By then, the only resolution is to cry it out. And maybe take a nap. Naps are always good for the soul.

Today I got discouraged and cried and took a nap. Tomorrow is a new day. A new chance to remember the hope I have in God.

With hope and love,
Kristen

The Dreaded Returns

Last night, I finally felt like I was ready to return Ryder’s stroller and some clothes to the store. The idea of returning them really wasn’t the hard part. (Having them out of my eyesight is, honestly, what I needed.) The hardest part was just walking into the store — being in the very place where Sam and I had excitedly made the perfect registry, seeing other mommas toting their bright-eyed babies from one aisle to the next.

It was a big step. I was so proud of myself. My sweet mom came with me since she had been the one to purchase them in the first place. I knew better than try to do it alone. Sam had offered to do it, but I was determined I could handle it. (Yeah, I’m stubborn like that.)

When they asked why I was returning it, I simply said I didn’t need it and they were satisfied with that answer. I thought, “Well, that was easy!” and let out a sigh of relief.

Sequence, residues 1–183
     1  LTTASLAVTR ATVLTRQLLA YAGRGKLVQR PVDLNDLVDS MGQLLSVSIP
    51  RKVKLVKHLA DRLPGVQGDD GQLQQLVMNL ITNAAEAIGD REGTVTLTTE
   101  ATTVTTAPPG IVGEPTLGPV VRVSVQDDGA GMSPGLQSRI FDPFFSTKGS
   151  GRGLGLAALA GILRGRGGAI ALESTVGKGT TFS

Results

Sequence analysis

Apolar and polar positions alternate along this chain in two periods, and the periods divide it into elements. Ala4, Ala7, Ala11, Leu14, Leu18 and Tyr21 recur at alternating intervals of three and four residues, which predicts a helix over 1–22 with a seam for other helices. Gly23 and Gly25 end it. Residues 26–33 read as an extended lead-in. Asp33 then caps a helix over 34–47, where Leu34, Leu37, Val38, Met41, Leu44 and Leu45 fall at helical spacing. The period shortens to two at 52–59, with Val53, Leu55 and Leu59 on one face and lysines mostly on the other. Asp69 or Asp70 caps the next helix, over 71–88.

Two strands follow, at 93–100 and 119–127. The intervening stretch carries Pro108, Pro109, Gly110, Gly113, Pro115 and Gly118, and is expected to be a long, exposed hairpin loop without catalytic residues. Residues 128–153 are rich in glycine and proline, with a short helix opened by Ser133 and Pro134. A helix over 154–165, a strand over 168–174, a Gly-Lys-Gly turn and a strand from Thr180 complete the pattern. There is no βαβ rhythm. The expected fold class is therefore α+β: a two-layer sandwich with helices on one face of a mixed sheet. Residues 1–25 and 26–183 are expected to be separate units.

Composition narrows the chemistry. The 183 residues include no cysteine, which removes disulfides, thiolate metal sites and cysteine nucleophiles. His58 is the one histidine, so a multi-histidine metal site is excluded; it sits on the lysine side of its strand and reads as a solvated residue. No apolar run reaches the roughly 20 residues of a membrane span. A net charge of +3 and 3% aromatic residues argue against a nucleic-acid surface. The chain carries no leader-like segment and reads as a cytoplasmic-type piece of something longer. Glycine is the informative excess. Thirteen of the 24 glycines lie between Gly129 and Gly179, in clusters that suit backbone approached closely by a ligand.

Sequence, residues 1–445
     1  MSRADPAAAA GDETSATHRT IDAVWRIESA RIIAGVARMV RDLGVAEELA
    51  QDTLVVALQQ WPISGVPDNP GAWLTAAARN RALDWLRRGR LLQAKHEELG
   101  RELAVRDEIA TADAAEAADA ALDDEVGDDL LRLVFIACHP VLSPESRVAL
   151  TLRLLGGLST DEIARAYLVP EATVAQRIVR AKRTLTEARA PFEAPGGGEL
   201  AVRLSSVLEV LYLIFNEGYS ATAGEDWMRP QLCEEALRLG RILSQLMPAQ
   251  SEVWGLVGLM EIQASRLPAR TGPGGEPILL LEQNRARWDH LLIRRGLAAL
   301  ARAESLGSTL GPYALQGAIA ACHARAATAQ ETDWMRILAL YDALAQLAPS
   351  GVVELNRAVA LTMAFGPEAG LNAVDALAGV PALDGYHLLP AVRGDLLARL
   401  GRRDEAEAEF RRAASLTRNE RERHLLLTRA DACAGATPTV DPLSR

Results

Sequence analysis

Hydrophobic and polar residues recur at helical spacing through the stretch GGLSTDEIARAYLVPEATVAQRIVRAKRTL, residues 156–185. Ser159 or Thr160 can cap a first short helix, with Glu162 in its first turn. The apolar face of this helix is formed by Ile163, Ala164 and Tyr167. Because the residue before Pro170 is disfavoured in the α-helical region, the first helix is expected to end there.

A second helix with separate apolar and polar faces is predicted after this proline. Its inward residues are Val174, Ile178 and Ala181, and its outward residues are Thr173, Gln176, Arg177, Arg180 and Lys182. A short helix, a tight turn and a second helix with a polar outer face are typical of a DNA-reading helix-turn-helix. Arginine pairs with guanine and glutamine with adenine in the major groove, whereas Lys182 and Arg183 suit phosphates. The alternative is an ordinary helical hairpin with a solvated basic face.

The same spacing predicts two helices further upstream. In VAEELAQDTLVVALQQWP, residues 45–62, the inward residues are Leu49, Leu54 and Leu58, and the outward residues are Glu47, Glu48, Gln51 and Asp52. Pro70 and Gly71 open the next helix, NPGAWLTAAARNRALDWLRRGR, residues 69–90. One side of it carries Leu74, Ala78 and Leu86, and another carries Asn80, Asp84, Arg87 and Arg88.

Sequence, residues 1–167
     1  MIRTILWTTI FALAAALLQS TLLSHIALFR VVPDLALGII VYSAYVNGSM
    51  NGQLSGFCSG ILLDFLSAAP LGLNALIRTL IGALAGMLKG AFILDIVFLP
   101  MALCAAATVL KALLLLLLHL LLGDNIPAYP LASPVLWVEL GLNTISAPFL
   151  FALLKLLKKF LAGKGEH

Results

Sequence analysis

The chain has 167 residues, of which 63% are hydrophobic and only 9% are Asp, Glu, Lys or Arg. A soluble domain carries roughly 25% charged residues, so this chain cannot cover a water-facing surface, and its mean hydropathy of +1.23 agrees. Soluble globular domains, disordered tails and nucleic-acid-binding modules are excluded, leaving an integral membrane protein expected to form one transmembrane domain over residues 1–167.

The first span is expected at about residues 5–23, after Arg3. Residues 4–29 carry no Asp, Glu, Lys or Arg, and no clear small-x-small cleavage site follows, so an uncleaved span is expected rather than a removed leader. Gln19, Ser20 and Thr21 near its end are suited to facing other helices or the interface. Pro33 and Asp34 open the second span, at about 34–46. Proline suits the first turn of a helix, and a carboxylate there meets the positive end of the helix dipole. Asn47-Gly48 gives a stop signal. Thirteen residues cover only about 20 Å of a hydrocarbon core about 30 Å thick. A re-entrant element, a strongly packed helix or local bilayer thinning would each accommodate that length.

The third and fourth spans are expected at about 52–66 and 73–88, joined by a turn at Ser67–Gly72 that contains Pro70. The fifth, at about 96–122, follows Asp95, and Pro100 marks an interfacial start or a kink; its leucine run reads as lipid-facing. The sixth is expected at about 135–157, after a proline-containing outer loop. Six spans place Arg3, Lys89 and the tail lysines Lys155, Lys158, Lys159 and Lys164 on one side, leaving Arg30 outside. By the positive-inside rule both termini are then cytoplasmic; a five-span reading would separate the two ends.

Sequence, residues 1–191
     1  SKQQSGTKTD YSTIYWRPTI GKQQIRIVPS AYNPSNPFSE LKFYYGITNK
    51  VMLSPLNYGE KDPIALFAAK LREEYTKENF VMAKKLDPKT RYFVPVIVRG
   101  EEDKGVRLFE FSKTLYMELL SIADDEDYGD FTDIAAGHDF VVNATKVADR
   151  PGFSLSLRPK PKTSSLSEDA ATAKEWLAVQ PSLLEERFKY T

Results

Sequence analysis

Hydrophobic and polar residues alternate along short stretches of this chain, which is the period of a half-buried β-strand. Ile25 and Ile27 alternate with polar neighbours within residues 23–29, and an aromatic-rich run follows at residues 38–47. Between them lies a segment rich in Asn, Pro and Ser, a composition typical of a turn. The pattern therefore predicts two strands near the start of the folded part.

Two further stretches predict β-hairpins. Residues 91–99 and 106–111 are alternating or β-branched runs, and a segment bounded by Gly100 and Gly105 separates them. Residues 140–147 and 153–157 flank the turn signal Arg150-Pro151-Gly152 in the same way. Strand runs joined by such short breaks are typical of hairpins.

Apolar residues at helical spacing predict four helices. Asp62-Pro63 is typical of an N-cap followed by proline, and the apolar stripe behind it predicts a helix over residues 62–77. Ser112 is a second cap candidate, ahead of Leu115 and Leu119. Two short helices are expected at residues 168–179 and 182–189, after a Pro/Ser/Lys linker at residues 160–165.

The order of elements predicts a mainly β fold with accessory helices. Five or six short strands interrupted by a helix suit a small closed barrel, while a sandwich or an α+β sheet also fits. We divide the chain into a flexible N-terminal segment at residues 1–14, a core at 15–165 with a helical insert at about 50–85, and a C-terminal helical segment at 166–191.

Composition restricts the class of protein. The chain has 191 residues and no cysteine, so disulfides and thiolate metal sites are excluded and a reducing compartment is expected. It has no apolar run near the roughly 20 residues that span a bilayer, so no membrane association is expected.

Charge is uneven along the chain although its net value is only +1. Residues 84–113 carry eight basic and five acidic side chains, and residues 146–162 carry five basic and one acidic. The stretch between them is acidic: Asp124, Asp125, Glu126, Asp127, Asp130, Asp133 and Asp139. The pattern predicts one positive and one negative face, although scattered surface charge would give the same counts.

But then they realized the clothes were past their return date since they weren’t a part of the registry. They told us we could still return them as a “no receipt” option, but I know that’s not worth it since you only get the lowest price of sale. My mom asked me what I wanted to do. I broke down. I started crying and all I could get out was “I don’t know but I don’t want to keep them.

The cashiers immediately understood that something was wrong. All I had to say was “I don’t have a baby” and it clicked. They started apologizing profusely, saying they could easily override it and get us our money back. They were apologizing and I was apologizing right back because I felt terrible for making them feel bad that they made me cry. And, of course, my mom was in tears, too.